It was not enough, and it is not enough now, that we should hold on to what we had, and that we should disseminate the garnered learning of the higher schools; it is not enough that we should maintain the standard of our district and high schools throughout New England. New England has a work to do, if I may say so in such a connection, which is aggressive

an aggressive missionary work for the country- or else she fails utterly of her high vocation.

With her population of about three and a quarter millions, settled together compactly, the richest and most powerful in all the means both of head and heart and external wealth, connected with circumstances, too, which give emphasis to these powers, New England has the most powerful three and a quarter millions under the sun; and the long future of our country demands the use of all the peculiar powers which it is the gift of New England to wield.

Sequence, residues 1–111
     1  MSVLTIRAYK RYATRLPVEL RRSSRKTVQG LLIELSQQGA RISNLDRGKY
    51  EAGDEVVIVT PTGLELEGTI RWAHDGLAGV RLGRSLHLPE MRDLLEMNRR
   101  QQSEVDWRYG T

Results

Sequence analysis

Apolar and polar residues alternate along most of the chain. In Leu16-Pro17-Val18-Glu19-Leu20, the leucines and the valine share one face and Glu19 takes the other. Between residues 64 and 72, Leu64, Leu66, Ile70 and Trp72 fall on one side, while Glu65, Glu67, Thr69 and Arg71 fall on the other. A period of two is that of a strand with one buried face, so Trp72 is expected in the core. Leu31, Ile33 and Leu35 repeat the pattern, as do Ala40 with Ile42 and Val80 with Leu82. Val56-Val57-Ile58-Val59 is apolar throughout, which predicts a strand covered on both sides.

Let me illustrate. Colonel Lincoln, who marched from Massachusetts as Lieutenant-Colonel of the thirty-fourth regiment of infantry, but, being wounded in an engagement in the Shenandoah Valley, returned home, told me, in a conversation